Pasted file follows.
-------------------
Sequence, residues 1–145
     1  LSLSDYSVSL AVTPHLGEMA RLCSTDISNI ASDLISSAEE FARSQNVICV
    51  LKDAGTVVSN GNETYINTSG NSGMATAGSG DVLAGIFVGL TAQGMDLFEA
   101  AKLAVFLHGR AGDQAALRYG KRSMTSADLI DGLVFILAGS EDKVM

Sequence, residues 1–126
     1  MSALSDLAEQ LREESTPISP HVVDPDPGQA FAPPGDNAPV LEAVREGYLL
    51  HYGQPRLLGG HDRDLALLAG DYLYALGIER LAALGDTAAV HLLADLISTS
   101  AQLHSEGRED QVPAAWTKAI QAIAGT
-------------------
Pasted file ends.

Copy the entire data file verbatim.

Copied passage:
Sequence, residues 1–145
     1  LSLSDYSVSL AVTPHLGEMA RLCSTDISNI ASDLISSAEE FARSQNVICV
    51  LKDAGTVVSN GNETYINTSG NSGMATAGSG DVLAGIFVGL TAQGMDLFEA
   101  AKLAVFLHGR AGDQAALRYG KRSMTSADLI DGLVFILAGS EDKVM

Sequence, residues 1–126
     1  MSALSDLAEQ LREESTPISP HVVDPDPGQA FAPPGDNAPV LEAVREGYLL
    51  HYGQPRLLGG HDRDLALLAG DYLYALGIER LAALGDTAAV HLLADLISTS
   101  AQLHSEGRED QVPAAWTKAI QAIAGT